What are grandparents’ rights after divorce?

What are grandparents’ rights after divorce?

By cropped movement legal

· Read time: 6 minutes

When a marriage or de facto relationship breaks down, there may be disagreement about who the children of the relationship should live with and how often the children should spend time with the other parent and/or parental figure. A related matter is the continued involvement of each set of grandparents in the children’s lives, whether that involvement takes the form of regular contact and communication, or an active role in decision-making about the children’s upbringing. The possibility that a grandparent may be prevented from seeing their grandchildren in the wake of divorce is a real and upsetting one. Fortunately, there are legal options open to grandparents seeking to maintain or re-establish contact with their grandkids after separation or divorce.

Are grandparents legally entitled to see their grandchildren? 

Under Australian law, there is no express right of grandparents to see and/or care for their grandchildren. The Family Law Act does not, in fact, directly refer to grandparents except to note that children are entitled to maintain relationships with persons who are important to their welfare, care and development, including within this category extended family members such as grandparents. Importantly, the children’s best interests is the guiding criterion. 

While a grandparent has no legal right to ongoing contact with their grandchildren, they can negotiate with the children’s parents and create formal or informal arrangements as to how often, for how long, and at what times visits and/or communication can take place. In this connection, a grandparent can apply to the court for a parenting order, being a determination addressing matters such as where and with whom a child is to live, who a child can otherwise spend time with, means of communication between the child and other significant persons in their life, the assignment and division of parental responsibility and other issues to do with the child’s care, welfare and development. Of course, going to court to seek parenting orders should be a last resort. Ideally, consensus should be reached and an informal arrangement created to suit everyone.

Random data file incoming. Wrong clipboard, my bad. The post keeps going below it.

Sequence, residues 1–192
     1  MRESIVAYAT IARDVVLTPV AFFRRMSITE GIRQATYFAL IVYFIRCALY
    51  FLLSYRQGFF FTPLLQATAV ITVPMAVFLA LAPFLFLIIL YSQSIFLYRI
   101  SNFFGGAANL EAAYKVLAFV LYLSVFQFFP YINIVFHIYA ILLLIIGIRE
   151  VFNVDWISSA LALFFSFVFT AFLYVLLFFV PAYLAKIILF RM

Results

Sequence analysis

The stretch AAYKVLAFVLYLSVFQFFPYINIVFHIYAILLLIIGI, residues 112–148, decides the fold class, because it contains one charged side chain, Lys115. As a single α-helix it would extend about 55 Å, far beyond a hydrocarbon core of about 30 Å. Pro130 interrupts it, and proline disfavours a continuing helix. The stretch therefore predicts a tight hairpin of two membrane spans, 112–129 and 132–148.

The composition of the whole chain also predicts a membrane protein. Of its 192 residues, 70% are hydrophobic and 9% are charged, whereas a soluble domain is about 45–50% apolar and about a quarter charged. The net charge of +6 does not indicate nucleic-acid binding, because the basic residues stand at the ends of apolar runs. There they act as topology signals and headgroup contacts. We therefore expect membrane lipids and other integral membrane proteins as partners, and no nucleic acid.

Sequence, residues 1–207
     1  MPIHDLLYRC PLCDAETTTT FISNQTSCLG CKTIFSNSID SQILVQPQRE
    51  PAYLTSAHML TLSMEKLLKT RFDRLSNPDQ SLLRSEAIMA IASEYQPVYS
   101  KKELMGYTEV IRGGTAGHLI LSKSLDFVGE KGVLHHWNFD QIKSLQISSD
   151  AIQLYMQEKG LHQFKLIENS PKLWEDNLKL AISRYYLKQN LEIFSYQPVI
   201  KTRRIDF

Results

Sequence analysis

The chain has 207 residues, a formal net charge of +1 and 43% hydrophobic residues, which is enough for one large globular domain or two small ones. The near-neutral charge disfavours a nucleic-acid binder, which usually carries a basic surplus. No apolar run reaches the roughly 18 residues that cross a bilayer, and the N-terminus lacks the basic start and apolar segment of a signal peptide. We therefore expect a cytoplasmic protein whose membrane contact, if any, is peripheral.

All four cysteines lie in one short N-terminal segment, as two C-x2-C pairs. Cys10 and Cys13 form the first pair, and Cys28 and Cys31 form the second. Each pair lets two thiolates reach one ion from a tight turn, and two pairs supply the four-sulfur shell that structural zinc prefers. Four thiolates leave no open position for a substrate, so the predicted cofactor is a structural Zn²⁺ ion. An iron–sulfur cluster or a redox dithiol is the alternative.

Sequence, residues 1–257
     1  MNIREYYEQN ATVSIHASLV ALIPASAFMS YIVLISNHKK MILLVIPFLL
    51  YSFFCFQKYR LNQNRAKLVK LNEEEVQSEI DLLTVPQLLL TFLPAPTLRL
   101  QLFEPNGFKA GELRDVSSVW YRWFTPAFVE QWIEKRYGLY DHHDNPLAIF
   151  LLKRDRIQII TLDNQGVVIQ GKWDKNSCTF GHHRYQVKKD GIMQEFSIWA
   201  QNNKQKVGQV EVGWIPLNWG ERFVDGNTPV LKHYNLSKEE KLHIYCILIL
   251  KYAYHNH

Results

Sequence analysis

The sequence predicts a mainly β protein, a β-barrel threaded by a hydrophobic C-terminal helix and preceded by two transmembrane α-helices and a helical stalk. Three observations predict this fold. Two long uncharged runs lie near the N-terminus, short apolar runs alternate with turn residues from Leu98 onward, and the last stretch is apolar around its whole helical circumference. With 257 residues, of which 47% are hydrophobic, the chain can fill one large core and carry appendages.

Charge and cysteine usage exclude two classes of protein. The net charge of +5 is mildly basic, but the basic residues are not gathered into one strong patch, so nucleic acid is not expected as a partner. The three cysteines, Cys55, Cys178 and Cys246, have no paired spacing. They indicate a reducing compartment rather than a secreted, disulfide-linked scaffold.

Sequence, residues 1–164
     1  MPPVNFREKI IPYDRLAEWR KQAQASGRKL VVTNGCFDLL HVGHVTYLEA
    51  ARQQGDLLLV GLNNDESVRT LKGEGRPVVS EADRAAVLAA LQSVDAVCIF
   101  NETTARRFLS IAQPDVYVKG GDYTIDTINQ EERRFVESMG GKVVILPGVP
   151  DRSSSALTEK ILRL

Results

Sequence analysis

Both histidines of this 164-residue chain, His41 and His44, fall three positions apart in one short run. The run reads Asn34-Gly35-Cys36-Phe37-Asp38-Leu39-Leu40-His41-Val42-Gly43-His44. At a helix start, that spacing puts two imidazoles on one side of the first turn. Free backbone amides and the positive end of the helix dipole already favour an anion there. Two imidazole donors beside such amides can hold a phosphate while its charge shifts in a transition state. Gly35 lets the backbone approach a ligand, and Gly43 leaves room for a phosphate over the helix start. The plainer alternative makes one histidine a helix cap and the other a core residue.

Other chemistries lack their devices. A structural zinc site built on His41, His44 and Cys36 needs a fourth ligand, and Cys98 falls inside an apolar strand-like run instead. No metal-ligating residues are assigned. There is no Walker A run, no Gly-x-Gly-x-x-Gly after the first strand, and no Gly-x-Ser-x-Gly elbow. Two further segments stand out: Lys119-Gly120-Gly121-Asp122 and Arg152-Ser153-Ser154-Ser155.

Arrangements by agreement 

It may be possible for the child’s grandparents and parents to come to an agreement regarding contact and visitation. This can be done informally, with or without the assistance of a family dispute resolution practitioner such as a mediator. Generally, for an informal agreement to be viable, it will need to be the case that the grandparent has a good relationship with their adult child and/or a good relationship with the grandchild’s other parent. Where the child’s primary caregiver and grandparent(s) are not on good terms or are unable to interact in a civil manner, an informal, non-binding arrangement or agreement may be neither practicable nor in the best interests of the children. 

Applying for parenting orders

Depending on the circumstances, it may be appropriate for a grandparent to apply for parenting orders. In respect of parenting disputes, a grandparent is entitled to bring court proceedings or to join existing proceedings as a third party.